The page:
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Assessment of the relationship between the maxillary molars and adjacent structures using cone beam computed tomography

  • Jung, Yun-Hoa;Cho, Bong-Hae
    • Imaging Science in Dentistry
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    • v.42 no.4
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    • pp.219-224
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    • 2012
  • Purpose: This study investigated the relationship between the roots of the maxillary molars and the maxillary sinus using cone beam computed tomography (CBCT), and measured the distances between the roots of the maxillary molars and the sinus floor as well as the thickness of the bone between the root and the alveolar cortical plate. Materials and Methods: The study sample consisted of 83 patients with normally erupted bilateral maxillary first and second molars. A total of 332 maxillary molars were examined using CBCT images. The vertical relationship of each root with the maxillary sinus was classified into four types on CBCT cross-sectional images. The distance between the sinus floor and root and the bone thickness between the root and alveolar cortical plate were measured. Results: In the buccal roots of the maxillary molars, a root protruding into the sinus occurred most frequently. A root projecting laterally along the sinus cavity was most common in the palatal roots of the maxillary first molars. The mesiobuccal roots of the maxillary second molar were closest to the sinus. The mesiobuccal roots of the first molars were closest to the cortical plate. Conclusion: The relationship between the roots of the maxillary molars and the sinus differed between the buccal and palatal roots. A root protruding into the sinus occurred more frequent in the buccal roots of the maxillary molars. The mesiobuccal root of the maxillary second molar was closest to the maxillary sinus floor and farthest from the alveolar cortical plate.

Organized Hematoma in the Maxillary Sinus (상악동에 발생한 organized hematoma)

  • Kim, Jae-Jin
    • Maxillofacial Plastic and Reconstructive Surgery
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    • v.32 no.5
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    • pp.473-477
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    • 2010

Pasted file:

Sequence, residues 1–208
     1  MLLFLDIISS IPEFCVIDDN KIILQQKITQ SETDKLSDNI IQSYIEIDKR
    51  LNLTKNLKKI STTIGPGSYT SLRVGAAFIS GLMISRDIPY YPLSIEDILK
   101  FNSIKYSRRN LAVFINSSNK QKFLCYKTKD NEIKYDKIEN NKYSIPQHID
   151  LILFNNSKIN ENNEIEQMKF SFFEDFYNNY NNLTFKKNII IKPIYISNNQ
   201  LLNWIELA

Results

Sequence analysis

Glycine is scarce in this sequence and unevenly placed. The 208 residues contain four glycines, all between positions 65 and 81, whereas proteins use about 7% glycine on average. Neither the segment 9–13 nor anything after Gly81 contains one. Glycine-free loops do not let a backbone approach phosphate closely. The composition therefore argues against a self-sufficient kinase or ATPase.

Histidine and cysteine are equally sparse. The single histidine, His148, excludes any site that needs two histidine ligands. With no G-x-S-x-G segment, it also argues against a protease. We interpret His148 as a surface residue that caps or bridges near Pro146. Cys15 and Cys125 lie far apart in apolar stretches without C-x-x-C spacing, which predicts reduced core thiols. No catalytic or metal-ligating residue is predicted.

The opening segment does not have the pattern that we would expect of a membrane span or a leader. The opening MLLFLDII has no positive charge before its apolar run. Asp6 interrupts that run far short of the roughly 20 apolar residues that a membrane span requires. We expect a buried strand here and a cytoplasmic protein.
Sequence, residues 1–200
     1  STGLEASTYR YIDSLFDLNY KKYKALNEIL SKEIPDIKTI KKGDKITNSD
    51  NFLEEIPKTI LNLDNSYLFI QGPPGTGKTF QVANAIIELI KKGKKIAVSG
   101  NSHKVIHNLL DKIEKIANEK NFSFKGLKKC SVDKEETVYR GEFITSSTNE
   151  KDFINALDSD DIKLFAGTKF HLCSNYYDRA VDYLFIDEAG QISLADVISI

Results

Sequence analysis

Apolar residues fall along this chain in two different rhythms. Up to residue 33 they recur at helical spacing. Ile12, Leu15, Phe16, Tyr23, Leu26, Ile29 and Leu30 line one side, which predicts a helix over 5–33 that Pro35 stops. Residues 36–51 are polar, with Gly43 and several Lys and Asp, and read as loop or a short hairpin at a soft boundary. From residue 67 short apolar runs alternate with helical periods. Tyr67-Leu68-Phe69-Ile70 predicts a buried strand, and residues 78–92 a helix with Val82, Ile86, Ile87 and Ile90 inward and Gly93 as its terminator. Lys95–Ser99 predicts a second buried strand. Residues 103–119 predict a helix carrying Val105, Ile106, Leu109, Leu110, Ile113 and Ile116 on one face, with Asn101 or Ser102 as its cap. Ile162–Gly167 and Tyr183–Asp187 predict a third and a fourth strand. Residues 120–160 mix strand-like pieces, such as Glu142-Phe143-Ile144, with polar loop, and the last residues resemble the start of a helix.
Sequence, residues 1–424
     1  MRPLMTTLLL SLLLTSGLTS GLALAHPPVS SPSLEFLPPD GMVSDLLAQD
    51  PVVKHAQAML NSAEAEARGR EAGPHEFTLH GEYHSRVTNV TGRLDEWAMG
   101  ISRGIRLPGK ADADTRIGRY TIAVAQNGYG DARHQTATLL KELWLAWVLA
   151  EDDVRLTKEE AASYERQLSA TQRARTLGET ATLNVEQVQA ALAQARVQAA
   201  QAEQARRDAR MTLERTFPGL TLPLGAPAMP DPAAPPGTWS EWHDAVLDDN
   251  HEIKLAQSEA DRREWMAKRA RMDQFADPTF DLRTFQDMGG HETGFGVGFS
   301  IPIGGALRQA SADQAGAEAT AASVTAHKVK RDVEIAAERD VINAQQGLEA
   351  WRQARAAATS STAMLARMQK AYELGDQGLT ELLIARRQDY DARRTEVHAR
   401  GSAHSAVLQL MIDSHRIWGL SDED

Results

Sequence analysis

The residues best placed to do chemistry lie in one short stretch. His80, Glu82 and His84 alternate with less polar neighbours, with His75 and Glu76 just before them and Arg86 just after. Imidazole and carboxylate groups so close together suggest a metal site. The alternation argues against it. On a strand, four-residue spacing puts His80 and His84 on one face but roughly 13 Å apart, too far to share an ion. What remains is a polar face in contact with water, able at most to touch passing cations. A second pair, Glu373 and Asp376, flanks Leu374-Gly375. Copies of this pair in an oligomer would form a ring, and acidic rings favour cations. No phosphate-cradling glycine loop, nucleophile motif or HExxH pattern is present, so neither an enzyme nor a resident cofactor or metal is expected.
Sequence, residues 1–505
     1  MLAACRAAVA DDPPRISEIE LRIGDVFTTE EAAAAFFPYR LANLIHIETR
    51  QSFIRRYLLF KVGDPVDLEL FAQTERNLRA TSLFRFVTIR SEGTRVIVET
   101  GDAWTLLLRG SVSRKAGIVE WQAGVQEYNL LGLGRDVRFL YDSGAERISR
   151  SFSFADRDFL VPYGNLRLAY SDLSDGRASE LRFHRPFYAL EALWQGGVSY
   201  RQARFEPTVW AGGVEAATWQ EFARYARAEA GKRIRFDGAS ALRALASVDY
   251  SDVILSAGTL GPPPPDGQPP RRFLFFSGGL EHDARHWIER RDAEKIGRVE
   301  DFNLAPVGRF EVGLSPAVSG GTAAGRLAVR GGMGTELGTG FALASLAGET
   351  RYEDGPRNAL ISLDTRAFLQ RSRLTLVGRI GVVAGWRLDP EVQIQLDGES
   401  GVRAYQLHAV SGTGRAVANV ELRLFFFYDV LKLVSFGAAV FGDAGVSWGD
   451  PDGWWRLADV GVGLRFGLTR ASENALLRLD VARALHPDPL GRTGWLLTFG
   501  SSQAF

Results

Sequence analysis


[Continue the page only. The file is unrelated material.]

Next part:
• Organized hematoma of the maxillary sinus is a rare, nonneoplastic benign lesion with locally destructive behavior that may mimic a malignancy. Clinically, symptoms do not usually occur while the lesion remains localized to the maxillary sinus. Because there is gradual enlargement of the lesion causing erosion and displacement of the adjacent bony structures, symptoms such as epistaxis, cheek swelling, nasal obstruc-tion, headache, and exophthalmos become manifest. Radiologically, unilateral cases are much more fre-quent than bilateral, and Waters' view shows complete opacity of the expanded maxillary sinus and some masses. CT scan shows a large heterogeneous enhancing mass causing considerable expansion of the max-illary sinus with bony erosion. On MR imaging, the mass usually has a variable signal intensity on T1- and T2- weighted images, ranging from low to high. After contrast administration, discrete areas of enhance-ment are present within the mass. Although the disease is essentially benign and nonneoplastic, differen-tial diagnosis from neoplastic disease including malignancy both clinically and radiologically has been always problematic. Accurate preoperative diagnosis of organized hematoma of the maxillary sinus is important to avoid unnecessary extensive surgery, because this condition is curative with a simple, conservative surgical approach and rarely recur. Organized hematoma of the maxillary sinus should be included in the differential diagnosis when patients have recurrent epistaxis, slow-growing mass of the cheek, nasal obstruction, and expansile mass in the maxillary sinus. A 33-year-old man was referred to the department of oral and maxillofacial surgery with a three-month history of slowly growing painful swelling of the left cheek. The mass of the maxillary sinus was resected by a Caldwell-Luc approach. Histopahtoly showed only a fibous encapsulated organized hematoma. To our knowledge, organized hematoma of the maxillary sinus has not been previously described in the Korean literature of the oral and maxillofacial surgery. We report a case of organized hematoma of the maxillary sinus presenting with an enlarging maxillary sinus mass.